Foamy banks of snowdrops bloomed, under siege by honeybees. In the lawn the purple splay of crocus, on the air their honey scent.
Careful not to crush the stalks, I crept across the turf to sniff. Saw a mating pair of flies on satin petals, then withdrew. Love deserves its distance, after all.
But the cat, no poet he, rolled among the nuptial bower, the purple spears of unborn blooms, the white, the mauve, and put the coupled flies to flight.
That’s when I saw that spring has more in mind than love: on top, a shit-fly (as farmers call it); underneath, a housefly.
Unbonded at their tender tips (where flies make love and maggots) they were joined up front instead, mandible to mortal flesh.
The shit-fly had her by the neck, sucking his love to a husk. Spring has many hungers, and the ways we feed them, in the end, are few.
There are times I do love this city. Coming out of the holiday book fair into the Park Blocks, milling with the other authors in the vague rain. And this great racket of crows! Caws, rattles, churrs, and shrieks, all tumble out of the black mass overhead. Hundreds of crows, gathering, circling, settling into the tops of the plane trees, gossiping with one another, catching up. Calling out to the evening, to the damp sky, so loud, so present, everyone is looking up: the homeless, the hipsters, and all these authors, their voices stilled. One low sycamore leaf twirls on its stem in the darkening breeze.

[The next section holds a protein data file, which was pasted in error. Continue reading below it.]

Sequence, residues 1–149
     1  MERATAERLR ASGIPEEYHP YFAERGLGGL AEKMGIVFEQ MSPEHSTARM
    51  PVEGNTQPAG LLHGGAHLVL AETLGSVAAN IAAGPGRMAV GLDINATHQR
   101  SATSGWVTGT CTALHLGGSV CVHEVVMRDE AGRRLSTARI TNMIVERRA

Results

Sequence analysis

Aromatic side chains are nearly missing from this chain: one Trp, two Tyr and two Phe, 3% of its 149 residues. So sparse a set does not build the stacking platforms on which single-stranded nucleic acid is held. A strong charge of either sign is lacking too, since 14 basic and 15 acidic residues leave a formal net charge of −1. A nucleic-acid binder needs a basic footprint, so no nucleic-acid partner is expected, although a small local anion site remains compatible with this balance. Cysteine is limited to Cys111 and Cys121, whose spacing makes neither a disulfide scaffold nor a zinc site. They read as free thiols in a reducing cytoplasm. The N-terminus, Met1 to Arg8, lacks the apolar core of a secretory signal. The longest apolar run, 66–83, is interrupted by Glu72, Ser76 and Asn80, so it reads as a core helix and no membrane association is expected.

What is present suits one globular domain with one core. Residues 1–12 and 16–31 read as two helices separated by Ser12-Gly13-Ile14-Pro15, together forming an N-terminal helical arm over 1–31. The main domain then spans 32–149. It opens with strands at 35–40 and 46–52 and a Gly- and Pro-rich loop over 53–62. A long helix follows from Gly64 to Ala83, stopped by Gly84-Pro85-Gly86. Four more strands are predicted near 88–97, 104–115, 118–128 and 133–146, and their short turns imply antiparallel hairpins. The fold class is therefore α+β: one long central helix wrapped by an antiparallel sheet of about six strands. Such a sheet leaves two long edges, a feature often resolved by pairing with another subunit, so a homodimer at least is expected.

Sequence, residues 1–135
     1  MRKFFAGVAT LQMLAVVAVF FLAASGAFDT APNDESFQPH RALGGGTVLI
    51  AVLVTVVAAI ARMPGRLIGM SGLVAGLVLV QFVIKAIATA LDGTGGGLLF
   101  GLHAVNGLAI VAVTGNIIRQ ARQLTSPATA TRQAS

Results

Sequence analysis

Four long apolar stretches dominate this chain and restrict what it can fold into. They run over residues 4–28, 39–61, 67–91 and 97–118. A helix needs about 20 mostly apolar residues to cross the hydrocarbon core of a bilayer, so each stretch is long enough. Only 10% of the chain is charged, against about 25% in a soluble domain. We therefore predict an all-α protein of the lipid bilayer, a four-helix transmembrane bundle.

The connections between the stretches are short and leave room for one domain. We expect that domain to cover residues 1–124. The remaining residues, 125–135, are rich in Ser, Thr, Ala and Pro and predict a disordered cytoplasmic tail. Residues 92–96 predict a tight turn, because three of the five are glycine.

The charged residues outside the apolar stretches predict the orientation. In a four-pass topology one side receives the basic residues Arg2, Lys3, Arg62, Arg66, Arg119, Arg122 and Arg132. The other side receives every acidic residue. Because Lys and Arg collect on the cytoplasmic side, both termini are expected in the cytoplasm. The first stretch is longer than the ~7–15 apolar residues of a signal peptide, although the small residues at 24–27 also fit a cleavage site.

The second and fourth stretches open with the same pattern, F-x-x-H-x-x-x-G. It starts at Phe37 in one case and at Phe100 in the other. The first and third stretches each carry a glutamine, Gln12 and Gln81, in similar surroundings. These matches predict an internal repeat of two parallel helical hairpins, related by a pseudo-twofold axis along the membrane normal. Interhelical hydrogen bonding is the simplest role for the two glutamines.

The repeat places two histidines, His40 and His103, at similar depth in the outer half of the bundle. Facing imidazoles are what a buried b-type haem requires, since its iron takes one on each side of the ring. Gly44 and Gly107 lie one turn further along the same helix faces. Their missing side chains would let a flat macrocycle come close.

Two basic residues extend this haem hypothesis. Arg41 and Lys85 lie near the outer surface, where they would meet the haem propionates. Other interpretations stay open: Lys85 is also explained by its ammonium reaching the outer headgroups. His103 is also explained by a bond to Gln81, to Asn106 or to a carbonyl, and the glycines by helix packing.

Robert Michael Pyle is a biologist and writer of essays, poetry, and fiction who resides in the Columbia Pacific sector of the Cascadian Subduction Zone. His 20 books include Wintergreen, The Thunder Tree, Mariposa Road, The Tangled Bank, and a 50-year prose retrospective, Through a Green Lens, coming from Oregon State University Press this year. These poems appear in his second full-length poetry collection, Chinook and Chanterelle, just published by Lost Horse Press.